When it comes to the rest of the garden, it does not matter which season you decide to visit, there will always be plenty for you to see. As the Royal Botanic Garden enters its Sesquarcentennial year, you can expect to see a lot of temporary exhibitions popping up across the garden to celebrate it, making the historic ground one of the top attractions in the UK that are free to visit at the moment.
Photo: The Mallett Gallery/Ashmolean
A city steeped in history; it should come as no surprise that a museum in Oxford has made this list. The Ashmolean Museum was the first university museum, opened in the 17th century to house the cabinet of curiosities donated to the university by Elias Ashmole, and continues to be at the forefront of historical and archaeological research.
There are lots of intriguing specimens to see here, such as the lantern that Guy Fawkes, co-conspirator of the Gunpowder Plot, carried in 1605, drawings by Michelangelo, Da Vinci, and Raphael, and the death mask of Oliver Cromwell.
The museum is also known for containing one of the best collections of pre-Raphaelite paintings, majolica pottery, and English silver. The Ashmolean Museum is definitely one of the best attractions in the UK that are free.
Photo: M Shed/Facebook
Bristol is one of the most vibrant cities in the UK, and what better way to discover it and learn about its people than to visit a museum all about that? M Shed, located on Bristol’s historic wharf, details the city’s history from prehistoric times to the 21st century, challenging preconceptions on what it has meant – and what it currently means – to live in this great city.
Inside there is a huge collection of artifacts, art, and archives that help to bring these stories to life. But the museum does not just exist inside the building. On the harbor side, you will find steamboats, trains, and cranes, all of which have their own stories to tell.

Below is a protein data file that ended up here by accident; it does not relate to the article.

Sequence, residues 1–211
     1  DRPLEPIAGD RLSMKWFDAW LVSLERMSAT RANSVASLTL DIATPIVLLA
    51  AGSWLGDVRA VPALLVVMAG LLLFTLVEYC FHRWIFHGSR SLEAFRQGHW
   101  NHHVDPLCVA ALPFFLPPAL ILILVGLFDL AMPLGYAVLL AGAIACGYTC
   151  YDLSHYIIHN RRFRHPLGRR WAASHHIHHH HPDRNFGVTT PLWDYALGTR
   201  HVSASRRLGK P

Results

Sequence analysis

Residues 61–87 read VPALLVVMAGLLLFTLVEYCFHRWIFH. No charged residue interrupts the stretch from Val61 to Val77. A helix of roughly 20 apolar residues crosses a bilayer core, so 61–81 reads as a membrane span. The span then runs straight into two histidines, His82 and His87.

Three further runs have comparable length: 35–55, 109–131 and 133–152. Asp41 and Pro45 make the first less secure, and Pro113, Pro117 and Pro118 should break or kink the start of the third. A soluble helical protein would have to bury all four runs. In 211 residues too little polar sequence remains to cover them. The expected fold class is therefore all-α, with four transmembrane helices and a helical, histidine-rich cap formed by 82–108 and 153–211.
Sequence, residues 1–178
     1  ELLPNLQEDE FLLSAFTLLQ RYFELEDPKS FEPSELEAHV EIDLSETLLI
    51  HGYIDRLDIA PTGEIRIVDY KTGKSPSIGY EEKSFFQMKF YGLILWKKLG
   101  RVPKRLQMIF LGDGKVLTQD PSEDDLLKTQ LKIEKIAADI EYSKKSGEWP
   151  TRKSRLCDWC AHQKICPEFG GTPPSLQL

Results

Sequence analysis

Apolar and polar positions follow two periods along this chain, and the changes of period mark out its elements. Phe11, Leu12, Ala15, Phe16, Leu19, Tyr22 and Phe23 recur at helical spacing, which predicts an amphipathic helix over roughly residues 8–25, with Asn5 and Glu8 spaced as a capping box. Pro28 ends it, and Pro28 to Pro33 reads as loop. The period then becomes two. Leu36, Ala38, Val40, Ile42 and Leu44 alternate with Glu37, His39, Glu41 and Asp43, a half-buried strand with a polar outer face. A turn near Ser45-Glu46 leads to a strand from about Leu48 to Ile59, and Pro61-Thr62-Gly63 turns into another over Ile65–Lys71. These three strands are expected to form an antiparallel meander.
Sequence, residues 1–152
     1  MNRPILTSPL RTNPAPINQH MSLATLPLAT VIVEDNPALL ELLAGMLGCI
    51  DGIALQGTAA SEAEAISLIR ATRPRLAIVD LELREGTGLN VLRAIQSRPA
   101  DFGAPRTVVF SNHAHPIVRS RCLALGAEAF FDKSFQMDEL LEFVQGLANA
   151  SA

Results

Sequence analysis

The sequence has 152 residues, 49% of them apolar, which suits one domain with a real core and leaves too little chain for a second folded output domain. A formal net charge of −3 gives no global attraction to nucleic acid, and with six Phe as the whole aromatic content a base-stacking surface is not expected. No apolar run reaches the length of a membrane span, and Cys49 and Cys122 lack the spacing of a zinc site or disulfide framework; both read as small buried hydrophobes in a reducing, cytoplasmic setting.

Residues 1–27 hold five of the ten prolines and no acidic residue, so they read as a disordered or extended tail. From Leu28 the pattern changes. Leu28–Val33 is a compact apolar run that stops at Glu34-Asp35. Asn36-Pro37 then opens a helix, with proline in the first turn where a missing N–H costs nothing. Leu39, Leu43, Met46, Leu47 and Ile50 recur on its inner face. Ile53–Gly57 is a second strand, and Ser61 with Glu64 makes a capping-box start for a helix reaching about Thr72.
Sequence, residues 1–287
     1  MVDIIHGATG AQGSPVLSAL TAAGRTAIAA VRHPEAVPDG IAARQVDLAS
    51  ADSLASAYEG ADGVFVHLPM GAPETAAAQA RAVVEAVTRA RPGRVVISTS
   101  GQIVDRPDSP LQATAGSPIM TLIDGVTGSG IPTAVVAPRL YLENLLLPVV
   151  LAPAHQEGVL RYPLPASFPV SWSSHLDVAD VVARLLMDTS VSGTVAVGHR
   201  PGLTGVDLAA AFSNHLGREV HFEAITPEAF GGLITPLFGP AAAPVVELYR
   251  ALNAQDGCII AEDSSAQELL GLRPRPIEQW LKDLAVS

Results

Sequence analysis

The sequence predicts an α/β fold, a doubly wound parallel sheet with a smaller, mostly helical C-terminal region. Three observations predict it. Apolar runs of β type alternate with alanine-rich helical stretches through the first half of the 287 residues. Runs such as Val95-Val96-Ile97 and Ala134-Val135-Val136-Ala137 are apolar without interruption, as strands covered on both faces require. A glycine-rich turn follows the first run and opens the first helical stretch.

Photo: Kiev Victor/Shutterstock
The Victoria and Albert Museum, established in 1852, is the largest museum in the world that is exclusively dedicated to decorative arts and design.
Located in a Victorian building covering 12.5 acres (51,000 m²), the museum boast seven floors of over four million works of art, that are divided into five distinct categories- Asia and Europe, techniques, materials, modern objects, and exhibitions.
V & A houses noteworthy collections of decorative art from Hindu, Chinese, Korean, Japanese, Islamic and European ancestry; so it’s no wonder that it attracts a large audience of enthusiasts captivated by the world’s finest treasures.
The vastness of the collections is hard to cover in just one day, so on your visit ask for a map to highlight the exhibitions that interest you the most. Some of the more popular collections include glass, jewellery, ceramics, clothes, architectural samples, metal objects, and Chinese precious metals.